The rulers and their various spokespersons in the media bemoaned this fact but were not unduly bothered. A society full of people who spend their time in their home and discussing bothersome problems of identity was no danger to its political masters.
Identity politics is a denial of politics, an acknowledgement that it is no longer something individuals should be involved in.
This is of some importance to us, as there has been a tendency in this country for people to retreat from politics and political activity in its widest sense of the word. It is, of course, always somebody else’s fault why it happened.
The politicians lied to us, other people are stupid, the government should do something about it, politics should be taken out of whatever subject is under discussion, and so on. But the net result is the same: people are turning away from any discussion of what should be done, how their lives should be led.
On the other hand, there is a good deal of talk about identity and what it means to be British, English, Scottish, European, what have you. There is considerably less talk about how to make sure that one’s child learns things.
Part of the problem is undoubtedly the political system we have found ourselves in. (There I go: found ourselves in. Of course, we did not find ourselves in it, we were part of its creation.) The European project has destroyed most of the meaning of politics.
As Mark Leonard of the Centre for European Reform explained: the politicians we elect, the civil servants who are supposed to work for us, the lawyers who are supposed to administer our law, have really become agents of the European Union.
They are our masters and they are unaccountable to us. Those who are supposedly accountable, the elected politicians, have no power.
But long before we had reached this stage, there had been a withdrawal from political decisions on any level. It is, as we know, one of Robert Kioroy-Silk’s boasts that his party, Veritas, will tell people the whole truth and nothing but the truth as that is what the British people want and deserve.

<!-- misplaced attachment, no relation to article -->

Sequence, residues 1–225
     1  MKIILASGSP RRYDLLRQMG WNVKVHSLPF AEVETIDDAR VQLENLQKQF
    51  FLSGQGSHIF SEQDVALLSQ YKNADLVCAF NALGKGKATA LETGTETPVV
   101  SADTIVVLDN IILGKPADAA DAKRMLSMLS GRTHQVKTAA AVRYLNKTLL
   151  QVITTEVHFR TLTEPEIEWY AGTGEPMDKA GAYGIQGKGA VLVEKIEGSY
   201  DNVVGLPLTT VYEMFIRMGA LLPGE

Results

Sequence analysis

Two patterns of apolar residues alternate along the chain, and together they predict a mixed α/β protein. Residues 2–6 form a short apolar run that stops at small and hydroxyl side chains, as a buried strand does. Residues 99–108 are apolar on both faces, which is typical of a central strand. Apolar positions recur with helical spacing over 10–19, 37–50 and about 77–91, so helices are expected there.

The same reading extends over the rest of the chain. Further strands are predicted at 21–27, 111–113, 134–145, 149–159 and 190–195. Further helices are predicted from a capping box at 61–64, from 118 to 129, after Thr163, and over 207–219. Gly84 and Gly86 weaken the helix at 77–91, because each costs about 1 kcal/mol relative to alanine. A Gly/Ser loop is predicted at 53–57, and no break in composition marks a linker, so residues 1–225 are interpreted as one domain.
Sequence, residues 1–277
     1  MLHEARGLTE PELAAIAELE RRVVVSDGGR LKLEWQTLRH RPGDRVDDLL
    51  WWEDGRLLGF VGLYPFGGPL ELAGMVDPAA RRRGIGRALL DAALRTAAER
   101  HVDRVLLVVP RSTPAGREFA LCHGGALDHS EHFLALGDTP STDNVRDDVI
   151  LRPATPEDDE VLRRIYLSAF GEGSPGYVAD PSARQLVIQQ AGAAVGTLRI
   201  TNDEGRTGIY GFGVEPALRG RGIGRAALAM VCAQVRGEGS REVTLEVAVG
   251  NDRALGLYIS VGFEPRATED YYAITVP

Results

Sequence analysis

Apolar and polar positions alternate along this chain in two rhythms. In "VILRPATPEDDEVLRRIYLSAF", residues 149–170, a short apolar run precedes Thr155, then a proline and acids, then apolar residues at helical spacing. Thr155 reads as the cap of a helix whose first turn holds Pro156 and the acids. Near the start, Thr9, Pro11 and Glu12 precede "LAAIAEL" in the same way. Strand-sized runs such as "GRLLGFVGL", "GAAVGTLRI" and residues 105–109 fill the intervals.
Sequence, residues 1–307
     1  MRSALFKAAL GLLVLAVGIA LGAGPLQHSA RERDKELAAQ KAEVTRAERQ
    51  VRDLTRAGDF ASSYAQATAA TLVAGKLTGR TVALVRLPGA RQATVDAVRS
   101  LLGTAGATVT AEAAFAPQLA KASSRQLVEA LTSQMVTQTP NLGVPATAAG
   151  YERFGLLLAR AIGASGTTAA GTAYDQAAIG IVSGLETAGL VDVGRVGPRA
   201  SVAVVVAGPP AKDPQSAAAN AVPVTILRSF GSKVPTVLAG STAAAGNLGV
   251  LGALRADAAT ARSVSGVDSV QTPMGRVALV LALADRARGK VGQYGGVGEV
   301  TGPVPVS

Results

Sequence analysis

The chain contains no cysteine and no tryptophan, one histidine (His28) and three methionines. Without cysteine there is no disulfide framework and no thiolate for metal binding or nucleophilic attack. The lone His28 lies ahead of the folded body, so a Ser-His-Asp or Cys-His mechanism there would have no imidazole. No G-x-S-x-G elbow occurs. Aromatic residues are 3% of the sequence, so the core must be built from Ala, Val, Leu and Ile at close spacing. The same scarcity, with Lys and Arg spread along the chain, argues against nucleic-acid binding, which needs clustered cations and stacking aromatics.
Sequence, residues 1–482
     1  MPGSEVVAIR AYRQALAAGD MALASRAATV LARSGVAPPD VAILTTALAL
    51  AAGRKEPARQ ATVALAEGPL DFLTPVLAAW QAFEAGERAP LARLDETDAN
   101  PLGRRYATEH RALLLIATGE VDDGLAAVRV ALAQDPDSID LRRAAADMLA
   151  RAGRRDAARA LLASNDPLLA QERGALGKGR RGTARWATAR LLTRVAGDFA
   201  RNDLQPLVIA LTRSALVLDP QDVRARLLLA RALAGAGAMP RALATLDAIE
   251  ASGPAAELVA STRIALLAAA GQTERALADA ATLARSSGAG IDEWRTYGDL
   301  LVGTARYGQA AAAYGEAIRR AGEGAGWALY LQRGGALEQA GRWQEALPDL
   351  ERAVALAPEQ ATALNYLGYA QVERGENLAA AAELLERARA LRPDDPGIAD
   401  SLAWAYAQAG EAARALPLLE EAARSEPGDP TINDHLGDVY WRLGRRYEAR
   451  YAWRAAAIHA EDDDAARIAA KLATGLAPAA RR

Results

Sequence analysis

They may well deserve it, but I do wonder whether they want it. Do they want to hear that the gap between the people and the political elites is the fault of both? The elites may have lied and refused to listen, but what of the people who have refused to participate? Democratic politics is not a spectator sport.
In my other life, a.k.a. day job, I talk to many people who bemoan the fact that children know nothing about proper food, how it is produced or to be prepared. There are many proposals of compulsory lessons, projects, all sorts of enterprises in schools. The sad truth is that by the time children go to school it is too late – they must learn about food and about most other things at home. Schools are there to provide education not life skills and they do not really do either.
Politics is really about all decisions that have some application outside one’s immediate life. It is not just about government, though that is an important part of it. It is, to a very great extent, about the limitation of government, the idea of private life within a public sphere.
Politics has to be about participation in the various structures and processes; it has to be about immediate and far-reaching decisions and it has to be about taking charge of one’s life.
I have already expressed the view that Veritas could start by proclaiming that they want to see a free people in a free country. I hope they will take this idea on board and abandon the bar-room politics they indulge in at the moment, as that is simply another step towards identity politics. And despite various rather dismissive comments about it, I do think that there will be a response to that slogan.
If I am wrong, and there is no response, then we may as well stop complaining and retreat into endless discussions of identity politics, for we are not to be trusted with the real thing.